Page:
Investing can, at times, seem complex and confusing, and you may often be wondering whether or not you're doing everything you can to help keep things on track—or whether something you're doing may be hurting your ability to achieve your goals.
Here are 5 things you may be doing that might be having a detrimental effect on your portfolio, and some thoughts on how you might be able to turn things around.
1. Getting out when the going gets tough
When markets become volatile or experience significant declines, it's natural to want to try to cut your losses and retreat to what seems like safe territory. But rather than preserving your wealth, you may actually be undermining the long-term growth potential of your portfolio.
"I've helped a lot of people with their financial plans," says Matt Bullard, a regional vice president for managed solutions at Fidelity, "and one thing that I've found is that big market events that drive headlines have generally had less of an impact on an investor's ability to reach their goals than the emotional decisions they make in response to those events."
In general, market declines have tended to be relatively shallow and short-lived compared to expansionary periods. Over the past 72 years, markets have risen an average of 15% per year during expansions—and even 1% per year during recessions.1 So even when things seem most dire, there's still a chance for positive returns.
Furthermore, because it's not possible to predict exactly when the market may shift from negative to positive, there's a chance that you may end up missing out on a rally or recovery when it occurs if you were to take your money out of the market. Being uninvested for even a short time could have a profound impact: For instance, missing just the 5 best days in the market between 1980 and 2022 could have reduced portfolio returns by as much as 38%.2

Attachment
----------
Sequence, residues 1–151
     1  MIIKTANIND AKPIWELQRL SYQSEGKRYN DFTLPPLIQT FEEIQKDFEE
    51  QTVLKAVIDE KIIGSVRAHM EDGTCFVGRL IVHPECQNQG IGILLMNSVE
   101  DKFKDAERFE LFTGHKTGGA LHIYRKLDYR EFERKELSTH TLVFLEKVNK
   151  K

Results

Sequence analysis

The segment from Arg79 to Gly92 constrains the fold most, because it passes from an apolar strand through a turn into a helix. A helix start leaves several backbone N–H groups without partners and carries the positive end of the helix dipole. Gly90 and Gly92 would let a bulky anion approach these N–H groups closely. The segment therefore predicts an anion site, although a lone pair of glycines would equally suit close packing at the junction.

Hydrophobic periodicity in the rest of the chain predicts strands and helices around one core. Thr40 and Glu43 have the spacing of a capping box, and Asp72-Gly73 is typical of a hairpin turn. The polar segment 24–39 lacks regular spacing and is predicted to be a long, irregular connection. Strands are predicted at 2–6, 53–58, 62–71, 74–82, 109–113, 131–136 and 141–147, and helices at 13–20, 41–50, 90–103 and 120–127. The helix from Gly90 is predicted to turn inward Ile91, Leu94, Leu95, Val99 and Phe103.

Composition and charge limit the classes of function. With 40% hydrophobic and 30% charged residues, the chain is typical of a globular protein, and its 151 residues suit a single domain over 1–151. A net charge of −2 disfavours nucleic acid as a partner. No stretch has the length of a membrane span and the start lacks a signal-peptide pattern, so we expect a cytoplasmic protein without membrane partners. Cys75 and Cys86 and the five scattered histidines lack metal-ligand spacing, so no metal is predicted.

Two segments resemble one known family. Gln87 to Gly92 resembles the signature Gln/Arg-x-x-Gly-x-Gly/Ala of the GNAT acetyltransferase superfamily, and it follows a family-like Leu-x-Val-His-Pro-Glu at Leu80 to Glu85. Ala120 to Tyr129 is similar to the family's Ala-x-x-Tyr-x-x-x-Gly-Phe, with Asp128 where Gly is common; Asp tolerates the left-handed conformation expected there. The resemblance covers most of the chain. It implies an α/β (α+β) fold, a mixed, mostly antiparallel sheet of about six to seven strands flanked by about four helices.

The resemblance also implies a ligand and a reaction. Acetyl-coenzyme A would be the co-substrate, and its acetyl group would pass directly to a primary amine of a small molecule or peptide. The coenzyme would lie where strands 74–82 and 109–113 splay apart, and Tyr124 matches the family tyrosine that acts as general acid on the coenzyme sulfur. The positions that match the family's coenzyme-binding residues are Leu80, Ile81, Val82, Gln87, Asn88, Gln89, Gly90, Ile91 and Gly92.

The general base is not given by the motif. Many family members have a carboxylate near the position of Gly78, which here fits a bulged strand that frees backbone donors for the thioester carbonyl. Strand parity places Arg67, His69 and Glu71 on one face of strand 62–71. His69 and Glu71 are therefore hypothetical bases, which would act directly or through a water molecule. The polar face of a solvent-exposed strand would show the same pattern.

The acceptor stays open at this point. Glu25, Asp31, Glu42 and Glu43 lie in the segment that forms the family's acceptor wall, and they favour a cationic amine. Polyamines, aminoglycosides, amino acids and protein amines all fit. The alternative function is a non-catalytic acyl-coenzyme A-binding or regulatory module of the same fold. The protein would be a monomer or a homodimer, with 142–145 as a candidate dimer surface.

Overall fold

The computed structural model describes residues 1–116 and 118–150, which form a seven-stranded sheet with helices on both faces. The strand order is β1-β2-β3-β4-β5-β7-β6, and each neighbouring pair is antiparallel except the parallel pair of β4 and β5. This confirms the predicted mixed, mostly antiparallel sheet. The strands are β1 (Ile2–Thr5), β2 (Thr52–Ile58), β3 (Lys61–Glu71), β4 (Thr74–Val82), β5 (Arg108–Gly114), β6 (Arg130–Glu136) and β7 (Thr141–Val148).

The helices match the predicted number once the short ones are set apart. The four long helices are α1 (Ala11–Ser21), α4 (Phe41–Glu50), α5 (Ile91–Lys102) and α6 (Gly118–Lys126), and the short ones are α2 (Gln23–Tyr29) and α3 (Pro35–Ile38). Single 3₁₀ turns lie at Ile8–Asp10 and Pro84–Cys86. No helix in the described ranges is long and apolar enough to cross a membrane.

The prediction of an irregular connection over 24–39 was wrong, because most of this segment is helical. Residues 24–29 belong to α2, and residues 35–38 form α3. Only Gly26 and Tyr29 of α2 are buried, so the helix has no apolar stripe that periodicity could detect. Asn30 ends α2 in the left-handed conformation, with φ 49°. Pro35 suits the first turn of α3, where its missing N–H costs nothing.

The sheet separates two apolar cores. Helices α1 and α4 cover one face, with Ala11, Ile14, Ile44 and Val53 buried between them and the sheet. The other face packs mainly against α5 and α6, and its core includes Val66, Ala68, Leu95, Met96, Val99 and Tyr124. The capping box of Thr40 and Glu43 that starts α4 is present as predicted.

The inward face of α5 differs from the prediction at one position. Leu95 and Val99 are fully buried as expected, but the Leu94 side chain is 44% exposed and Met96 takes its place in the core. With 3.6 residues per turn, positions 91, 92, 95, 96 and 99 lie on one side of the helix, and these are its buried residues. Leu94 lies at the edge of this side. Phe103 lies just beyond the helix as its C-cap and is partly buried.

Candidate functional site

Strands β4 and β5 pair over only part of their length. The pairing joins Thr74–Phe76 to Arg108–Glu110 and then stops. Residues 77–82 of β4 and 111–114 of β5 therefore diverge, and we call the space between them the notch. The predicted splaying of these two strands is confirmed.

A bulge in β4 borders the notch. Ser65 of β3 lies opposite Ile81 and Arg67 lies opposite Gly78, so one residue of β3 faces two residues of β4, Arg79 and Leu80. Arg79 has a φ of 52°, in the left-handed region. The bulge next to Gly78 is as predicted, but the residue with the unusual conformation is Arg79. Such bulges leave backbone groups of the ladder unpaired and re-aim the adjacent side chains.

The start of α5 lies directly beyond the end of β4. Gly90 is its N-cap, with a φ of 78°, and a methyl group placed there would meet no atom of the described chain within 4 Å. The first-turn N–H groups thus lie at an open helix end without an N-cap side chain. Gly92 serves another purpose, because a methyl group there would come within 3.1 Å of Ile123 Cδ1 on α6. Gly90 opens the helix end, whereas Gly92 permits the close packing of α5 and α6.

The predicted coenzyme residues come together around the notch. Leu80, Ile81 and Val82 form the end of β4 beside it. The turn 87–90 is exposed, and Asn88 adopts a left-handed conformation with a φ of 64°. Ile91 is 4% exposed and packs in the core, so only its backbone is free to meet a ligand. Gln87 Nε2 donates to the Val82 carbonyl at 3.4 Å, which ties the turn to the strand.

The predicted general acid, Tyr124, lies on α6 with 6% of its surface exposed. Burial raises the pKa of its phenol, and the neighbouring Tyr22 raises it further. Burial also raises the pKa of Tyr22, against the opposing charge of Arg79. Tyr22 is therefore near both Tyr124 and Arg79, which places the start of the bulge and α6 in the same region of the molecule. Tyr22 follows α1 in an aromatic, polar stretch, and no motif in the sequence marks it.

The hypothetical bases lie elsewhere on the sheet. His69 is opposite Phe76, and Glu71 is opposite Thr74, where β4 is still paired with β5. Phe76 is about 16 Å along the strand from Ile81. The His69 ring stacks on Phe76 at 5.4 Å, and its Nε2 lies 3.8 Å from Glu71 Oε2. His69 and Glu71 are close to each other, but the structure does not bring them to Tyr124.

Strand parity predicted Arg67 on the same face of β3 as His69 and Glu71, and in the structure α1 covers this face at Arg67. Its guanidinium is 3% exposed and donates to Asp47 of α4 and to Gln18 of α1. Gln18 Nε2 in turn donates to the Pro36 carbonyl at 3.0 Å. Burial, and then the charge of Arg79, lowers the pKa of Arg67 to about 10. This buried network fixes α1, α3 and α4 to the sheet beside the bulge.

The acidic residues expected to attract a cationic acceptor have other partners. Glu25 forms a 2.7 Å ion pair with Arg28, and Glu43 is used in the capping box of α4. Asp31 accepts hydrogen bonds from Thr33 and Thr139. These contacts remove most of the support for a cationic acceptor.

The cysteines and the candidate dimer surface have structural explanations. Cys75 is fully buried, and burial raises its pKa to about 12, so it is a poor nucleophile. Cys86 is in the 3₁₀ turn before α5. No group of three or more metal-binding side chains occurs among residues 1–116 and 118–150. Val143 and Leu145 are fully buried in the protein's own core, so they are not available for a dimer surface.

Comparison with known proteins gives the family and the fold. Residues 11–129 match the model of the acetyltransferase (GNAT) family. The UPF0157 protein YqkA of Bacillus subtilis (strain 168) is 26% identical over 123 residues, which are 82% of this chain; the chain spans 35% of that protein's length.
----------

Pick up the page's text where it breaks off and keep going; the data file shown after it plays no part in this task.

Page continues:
That's why it's so important to have a thoughtful, well-established plan in place to help you resist the urge to overreact to short-term volatility and uncertainty.
2. Taking on too much (or too little) risk
Though the very idea of "risk" can be scary, it's an essential part of investing. The amount of risk you decide to take on could determine how much growth you may be able to achieve in your portfolio and how much volatility you may need to endure to get there.
"Being far too conservative could be just as damaging as being far too aggressive," says Bullard. "If you're too conservative, you may not have the growth potential you need to reach your goals or even to outpace inflation. On the other hand, if you have too much risk, you'll potentially experience a lot more market volatility, which could lead you to jump out of the market at a bad time."
While there are no guarantees in investing, the key is to take on just enough risk to give your portfolio a chance of reaching your long-term goals, but not so much that it introduces enough volatility to scare you into withdrawing from the market. And one way to achieve that is by diversifying your portfolio, investing in a mix of different asset classes that may behave differently in different market conditions—that way, when some of your investments are down, others may be up, helping to smooth out the bumpiness in the market that can be so disconcerting.
How your assets are allocated across these different asset classes can provide a solid foundation upon which your portfolio may be able to grow over time. It can be a major factor in long-term performance: In fact, up to 90% of the variability of a fund's return over time can be explained by how its assets are allocated.3
3. Not rebalancing your portfolio regularly
Asset allocation is not a one-and-done exercise or something you can "set and forget." Over time, the appreciation and depreciation of your investments may result in your portfolio drifting from your initial allocation. As this happens, the amount of risk you're exposed to could change in ways you may not have expected.